Blog Post 6 on “The Myth of an Afterlife”
The Myth of an Afterlife
Chapter Two: Dead as a Doornail Souls, Brains, and Survival
by Matt McCormick
Augustine summarizes that
In chapter 2, Matt McCormick presents a strong probabilistic case that human cognitive abilities, memories, personalities, thoughts, emotions, conscious awareness, and self-awareness are dependent upon the brain to occur/ exist and thus cannot survive the death of the brain. McCormick makes his case by providing a broad overview of the general lines of evidence that even the highest mental functions are produced by brain activity, evidence that does not sit well with the notion of any sort of soul or ethereal double that can function completely independently of the brain. Yet this notion is presupposed by all versions of the survival hypothesis that do not depend exclusively upon miraculous bodily resurrection.
McCormick outlines his general argument as follows:
1. Human cognitive abilities, memories, personalities, thoughts, emotions, conscious awareness, and self-awareness (in short, the features that we attribute to the personal soul) are dependent upon the brain to occur/exist. 2. The brain does not survive the death of the body 3. Therefore, the personal soul does not survive the death of the body.
To begin with, McCormick makes the general point regarding the dependency of the mind on the brain.
Decades of evidence from stroke victims, motorcycle accidents, car wrecks, construction site accidents, functional magnetic resonance imaging (fMRI) scans, positron emission tomography (PET) scans, brain imaging, and other medical studies have given us a detailed picture of which portions of the brain are active in conjunction with specific cognitive abilities and mental states. What that research has shown is that minds depend upon brains. Damaging a part of the brain destroys a part of our thoughts, eliminates a cognitive ability, or alters some personal or emotional capacity. Restoring the electrochemical functions of the brain renews the mental function.
McCormick argues what science teaches is that brain damage can pinpoint the section of the brain responsible for which cognitive functions, and that the mind is best explained as being entirely dependent. Even something as basic as awareness can be wiped away and leave a person in a permanent vegetative state. Even at the simplest level the physical can alter the mental, such as with a pill or caffeine. Mental functions are directly proportional to their physical brain complexity in creatures, and even humans in their evolutionary history became more cognitively apt as their brains developed. So why did consciousness develop?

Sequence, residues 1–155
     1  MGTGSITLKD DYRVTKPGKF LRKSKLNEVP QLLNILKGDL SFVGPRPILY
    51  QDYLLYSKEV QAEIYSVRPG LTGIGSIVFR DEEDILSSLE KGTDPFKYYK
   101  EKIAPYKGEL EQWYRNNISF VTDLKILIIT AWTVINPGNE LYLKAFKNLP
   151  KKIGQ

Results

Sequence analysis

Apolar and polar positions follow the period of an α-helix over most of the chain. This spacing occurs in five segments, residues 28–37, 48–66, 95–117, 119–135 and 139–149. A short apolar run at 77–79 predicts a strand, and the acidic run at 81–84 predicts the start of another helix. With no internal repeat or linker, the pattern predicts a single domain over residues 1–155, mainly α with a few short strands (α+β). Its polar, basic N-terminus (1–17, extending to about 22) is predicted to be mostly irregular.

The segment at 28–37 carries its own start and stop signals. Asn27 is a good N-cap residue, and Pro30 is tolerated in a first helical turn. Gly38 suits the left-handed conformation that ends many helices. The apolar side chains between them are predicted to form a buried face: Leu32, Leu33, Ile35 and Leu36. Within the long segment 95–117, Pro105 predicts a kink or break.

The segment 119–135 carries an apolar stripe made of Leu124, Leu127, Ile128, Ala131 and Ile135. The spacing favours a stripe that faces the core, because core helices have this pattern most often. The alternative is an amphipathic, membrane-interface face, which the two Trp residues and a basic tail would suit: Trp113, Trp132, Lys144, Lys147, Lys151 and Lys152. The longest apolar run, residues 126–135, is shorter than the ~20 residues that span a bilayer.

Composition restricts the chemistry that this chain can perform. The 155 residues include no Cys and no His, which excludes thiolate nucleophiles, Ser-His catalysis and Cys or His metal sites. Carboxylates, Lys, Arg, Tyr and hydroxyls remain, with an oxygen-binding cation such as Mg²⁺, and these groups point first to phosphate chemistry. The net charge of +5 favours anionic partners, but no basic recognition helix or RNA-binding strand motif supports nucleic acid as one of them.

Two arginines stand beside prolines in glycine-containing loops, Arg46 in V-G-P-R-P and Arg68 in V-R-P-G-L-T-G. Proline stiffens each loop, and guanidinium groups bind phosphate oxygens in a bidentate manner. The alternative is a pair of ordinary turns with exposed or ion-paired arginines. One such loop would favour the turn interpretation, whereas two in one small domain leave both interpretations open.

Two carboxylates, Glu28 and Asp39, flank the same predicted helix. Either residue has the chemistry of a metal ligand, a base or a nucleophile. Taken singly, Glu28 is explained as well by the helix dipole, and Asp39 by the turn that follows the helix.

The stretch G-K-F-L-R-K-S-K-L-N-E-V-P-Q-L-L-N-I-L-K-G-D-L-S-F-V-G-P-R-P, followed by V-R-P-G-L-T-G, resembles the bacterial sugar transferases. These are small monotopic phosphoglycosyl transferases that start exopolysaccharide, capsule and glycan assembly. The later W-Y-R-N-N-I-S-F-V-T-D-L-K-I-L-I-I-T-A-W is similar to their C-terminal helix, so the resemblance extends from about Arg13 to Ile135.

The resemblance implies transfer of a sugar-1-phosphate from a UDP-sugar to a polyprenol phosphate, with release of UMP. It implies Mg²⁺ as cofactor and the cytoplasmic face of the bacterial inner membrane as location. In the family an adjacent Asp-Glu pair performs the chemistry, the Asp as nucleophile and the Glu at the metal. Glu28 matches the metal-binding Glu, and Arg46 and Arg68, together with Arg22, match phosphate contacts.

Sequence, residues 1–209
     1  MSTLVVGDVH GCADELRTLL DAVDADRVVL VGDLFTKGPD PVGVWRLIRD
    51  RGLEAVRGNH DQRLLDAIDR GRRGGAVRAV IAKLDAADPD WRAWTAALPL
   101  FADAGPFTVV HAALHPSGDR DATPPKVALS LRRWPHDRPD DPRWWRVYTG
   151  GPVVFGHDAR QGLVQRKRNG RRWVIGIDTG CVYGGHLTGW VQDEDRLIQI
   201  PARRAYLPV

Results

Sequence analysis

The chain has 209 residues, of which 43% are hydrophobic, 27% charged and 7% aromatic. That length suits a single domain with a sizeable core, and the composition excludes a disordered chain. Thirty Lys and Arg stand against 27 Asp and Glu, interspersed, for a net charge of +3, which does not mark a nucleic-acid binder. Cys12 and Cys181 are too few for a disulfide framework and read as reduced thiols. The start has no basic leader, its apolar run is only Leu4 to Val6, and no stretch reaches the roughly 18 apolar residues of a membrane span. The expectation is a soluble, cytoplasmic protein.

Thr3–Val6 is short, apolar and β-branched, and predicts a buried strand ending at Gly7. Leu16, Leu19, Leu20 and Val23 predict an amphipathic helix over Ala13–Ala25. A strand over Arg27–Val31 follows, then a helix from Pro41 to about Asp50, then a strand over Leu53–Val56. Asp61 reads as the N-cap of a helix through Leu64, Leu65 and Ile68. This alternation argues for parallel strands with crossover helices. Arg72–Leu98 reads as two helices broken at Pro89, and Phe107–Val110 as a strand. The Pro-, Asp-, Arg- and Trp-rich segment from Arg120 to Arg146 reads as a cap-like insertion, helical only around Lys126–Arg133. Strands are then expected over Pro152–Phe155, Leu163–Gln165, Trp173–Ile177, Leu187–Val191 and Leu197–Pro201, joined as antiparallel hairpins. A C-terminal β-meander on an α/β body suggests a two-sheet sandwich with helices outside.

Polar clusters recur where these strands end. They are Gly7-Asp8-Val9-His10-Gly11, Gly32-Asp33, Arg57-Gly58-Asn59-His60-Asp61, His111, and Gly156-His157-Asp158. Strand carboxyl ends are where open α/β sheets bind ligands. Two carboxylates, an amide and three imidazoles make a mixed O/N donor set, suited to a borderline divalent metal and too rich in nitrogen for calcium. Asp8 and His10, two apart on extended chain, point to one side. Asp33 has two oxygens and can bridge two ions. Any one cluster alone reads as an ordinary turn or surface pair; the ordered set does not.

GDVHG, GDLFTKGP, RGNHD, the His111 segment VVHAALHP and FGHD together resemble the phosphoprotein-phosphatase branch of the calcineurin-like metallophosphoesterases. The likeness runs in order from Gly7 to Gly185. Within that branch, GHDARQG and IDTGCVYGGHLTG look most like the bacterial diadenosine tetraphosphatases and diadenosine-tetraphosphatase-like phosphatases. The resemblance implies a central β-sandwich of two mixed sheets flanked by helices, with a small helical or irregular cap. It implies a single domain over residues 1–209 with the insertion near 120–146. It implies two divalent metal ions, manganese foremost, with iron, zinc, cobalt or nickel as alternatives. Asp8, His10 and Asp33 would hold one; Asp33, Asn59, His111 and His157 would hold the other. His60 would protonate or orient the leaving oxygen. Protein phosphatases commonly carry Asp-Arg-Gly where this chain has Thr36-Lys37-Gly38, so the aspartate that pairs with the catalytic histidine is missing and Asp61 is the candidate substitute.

There are countless neural assemblies that register various aspects of our environments and internal states. With conscious awareness, natural selection found a mechanism for summarizing many of the most pertinent facts quickly, making these discriminations available to executive planning faculties. The biological usefulness of conscious awareness is to “produce the best current interpretation of the visual scene, in the light of past experience either of ourselves or our ancestors (embodied in our genes), and to make available, for a sufficient time, to the parts of the brain that contemplate, plan and execute voluntary motor outputs (of one sort or another)” (Crick & Koch, 1995, p. 121). Memory, emotions, awareness of self and others, attention, and other elements of our cognitive constitutions fit into this general evolutionary picture as adaptations, byproducts, or kludges (improvised assemblages).
This goes beyond McCormick a little, but it would seem too that categorizing serves a further evolutionary function, and provides an interesting explanation of the relationship between particulars and universals beyond mere abstraction: so, a particularly scrumptious meal may have presenced to primitive man as “dinner incarnate (like we say of a Van Gogh we say “Now that’s a painting, Art incarnate) to the man’s aroused physiology; an average meal comparatively less so; and week old food hardly at all.
McCormick argues the belief in the soul also has an evolutionary ground and relates to our tendency to assign minds to things even that don’t have minds
The animism of primitive religions is a result of imbuing the weather, the oceans, and other natural objects with spiritual forces. This overactive propensity to find minds where they are not feeds the belief that souls survive or are autonomous. If we are prone to find minds where they are not, then it is only natural to conceive of minds as unhinged from brains. Minds then become things that can exist in anything, whether they have brains or not. And it is a small step from here to the idea that perhaps minds don’t need to inhabit any physical object at all. Ironically, evolution produced brains that are conscious, as well as a powerful tendency to attribute consciousness to things that don’t have brains.